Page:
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Glamour magazine names APSU coed among top 22 in the U.S.

An APSU student has been named one of Glamour magazines Top 22 College Women for 2005.
Tamira Cole, a senior English major from Jackson, was selected from 550 applicants nationwide. You are in the company of the top college women in the country, wrote Lynda Laux-Bachard, an editor for Glamour, in a letter to Cole.

We all are impressed by what you have achieved on your campus and in your community. You have distinguished yourself through your creative talents, energetic leadership and the respect and confidence you inspire in others.
An APSU student has been named one of “Glamour” magazine's Top 22 College Women for 2005.
Tamira Cole, a senior English major from Jackson, was selected from 550 applicants nationwide. “You are in the company of the top college women in the country,” wrote Lynda Laux-Bachard, an editor for Glamour, in a letter to Cole.

“We all are impressed by what you have achieved on your campus and in your community. You have distinguished yourself through your creative talents, energetic leadership and the respect and confidence you inspire in others.”

Criteria for Glamour magazine's 2005 Top College Women in America include outstanding academics, outstanding leadership skills and campus and community involvement. Cole has an extensive record of achievements in each of these areas.

She was vice president of Region II of the National Health Occupations Students of America (HOSA). As HOSA vice president during her freshman year at APSU, Cole logged 3,000 miles across the United States as a speaker and leadership coach. In recognition of her outstanding leadership and service to National HOSA, a plaque honoring Cole was hung in her high school.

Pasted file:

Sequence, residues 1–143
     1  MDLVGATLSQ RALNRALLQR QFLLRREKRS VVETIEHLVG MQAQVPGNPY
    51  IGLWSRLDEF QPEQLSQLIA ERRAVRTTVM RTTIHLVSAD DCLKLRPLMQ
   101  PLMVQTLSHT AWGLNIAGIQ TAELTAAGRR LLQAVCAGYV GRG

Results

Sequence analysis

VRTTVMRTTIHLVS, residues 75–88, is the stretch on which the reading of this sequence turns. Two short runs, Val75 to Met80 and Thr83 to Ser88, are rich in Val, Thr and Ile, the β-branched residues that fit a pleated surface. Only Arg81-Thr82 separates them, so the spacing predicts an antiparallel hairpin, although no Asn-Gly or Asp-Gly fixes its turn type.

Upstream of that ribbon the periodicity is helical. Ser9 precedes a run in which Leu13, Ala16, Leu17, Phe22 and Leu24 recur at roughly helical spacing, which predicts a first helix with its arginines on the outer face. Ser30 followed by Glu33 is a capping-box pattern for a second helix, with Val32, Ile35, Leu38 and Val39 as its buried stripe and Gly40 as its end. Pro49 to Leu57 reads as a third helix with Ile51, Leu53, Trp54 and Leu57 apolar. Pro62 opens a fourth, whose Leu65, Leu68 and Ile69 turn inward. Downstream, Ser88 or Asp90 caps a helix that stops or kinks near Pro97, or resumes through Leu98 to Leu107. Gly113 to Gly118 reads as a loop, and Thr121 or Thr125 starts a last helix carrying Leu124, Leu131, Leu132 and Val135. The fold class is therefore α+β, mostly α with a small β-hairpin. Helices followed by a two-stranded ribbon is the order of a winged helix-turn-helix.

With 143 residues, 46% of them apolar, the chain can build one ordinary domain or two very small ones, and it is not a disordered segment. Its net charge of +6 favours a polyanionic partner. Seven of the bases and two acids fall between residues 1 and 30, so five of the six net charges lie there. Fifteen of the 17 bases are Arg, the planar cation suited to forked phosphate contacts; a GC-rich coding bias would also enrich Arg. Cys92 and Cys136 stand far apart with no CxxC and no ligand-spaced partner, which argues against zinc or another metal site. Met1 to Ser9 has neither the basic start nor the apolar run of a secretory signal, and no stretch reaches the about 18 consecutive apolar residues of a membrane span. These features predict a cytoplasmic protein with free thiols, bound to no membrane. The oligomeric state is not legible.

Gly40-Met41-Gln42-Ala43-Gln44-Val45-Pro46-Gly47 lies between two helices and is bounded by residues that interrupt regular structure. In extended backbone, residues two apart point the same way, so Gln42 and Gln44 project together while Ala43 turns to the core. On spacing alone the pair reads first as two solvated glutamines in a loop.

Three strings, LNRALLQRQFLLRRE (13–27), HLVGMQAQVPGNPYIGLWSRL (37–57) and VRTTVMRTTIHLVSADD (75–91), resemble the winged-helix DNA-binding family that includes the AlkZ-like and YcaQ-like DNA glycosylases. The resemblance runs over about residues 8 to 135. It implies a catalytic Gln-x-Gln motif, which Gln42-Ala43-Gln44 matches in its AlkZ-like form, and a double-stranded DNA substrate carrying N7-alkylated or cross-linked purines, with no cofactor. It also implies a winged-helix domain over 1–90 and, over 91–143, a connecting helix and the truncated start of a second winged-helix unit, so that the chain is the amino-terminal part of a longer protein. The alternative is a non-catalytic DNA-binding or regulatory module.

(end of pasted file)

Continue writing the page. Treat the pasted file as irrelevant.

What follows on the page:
Among many initiatives, Cole was the founder and creator of ACTIVE ACES and BOOK BUGS programs for 4-H youth in Jackson. As a result of such outstanding work, she became the first 4-H member from Tennessee ever elected to the National 4-H Council Board of Trustees.

Her leadership at APSU is reflected in her selection as chief justice of the Student Government Association Student Tribunal and president of the Residence Hall Government. She also is a Governors Ambassador and a member of the President's Roundtable. Among her initiatives, she is a charter member of the Feminist Majority Leadership Alliance.

Cole became he first African-American member of the APSU chapter of Chi Omega Women's Fraternity in its 32-year history. She also made history as the first APSU student ever to be named to a USA Today All Academic Team.

Since August 2002, Cole has volunteered more than 1,000 hours in community service. For her work on behalf of others, she received the 2004 Tennessee Higher Education Harold Love Outstanding Community Service Award. According to Assistant Vice President for Student Affairs Barbara Phillips, Cole contributed her substantial Love Award cash prize to various charities. Phillips cited this as “just one example of Tamira's interest in helping others.”

Cole has been published in the National HOSA magazine, and her column, “College Diary 101,” runs in her hometown newspaper. She has been interviewed by Seventeen magazine, and her PowerPoint presentation on obesity was one of several used as a 2004 National HOSA Education Symposium piece for more than 4,000 delegates. Cole has been a featured speaker to audiences of 100 to 5,000 in several states.
She is a student leader for ASTAR, a pre-collegiate summer camp for African American high school students, serves as a summer orientation leader for incoming new students and has been a group leader and a member of the AP Day Parents Panel.

A magna cum laude Dean's List scholar, Cole has been tapped to Gamma Beta Phi National Honor Society, Sigma Tau Delta International Leadership Honor Society, National Scholars Honor Society, Order of Omega National Greek Honor Society and Omicron Delta Kappa National Leadership Honor Society.

Among many letters of recommendation to Glamour, Dr. Mickey Wadia, professor of English, wrote, “I believe (Tamira) embodies the spirit of the 21st century young African-American woman who, like President Kennedy said in his inaugural address … is less interested in what the country can do for her, but in what she can do for her country.”

Wadia went on to say that Cole's “special charm is that she does not flaunt her many accomplishments; instead, she has a quiet grace about her that stems from an honest and genuine pleasure derived from volunteering her service and time so that others may benefit and succeed.”
—Dennie Burke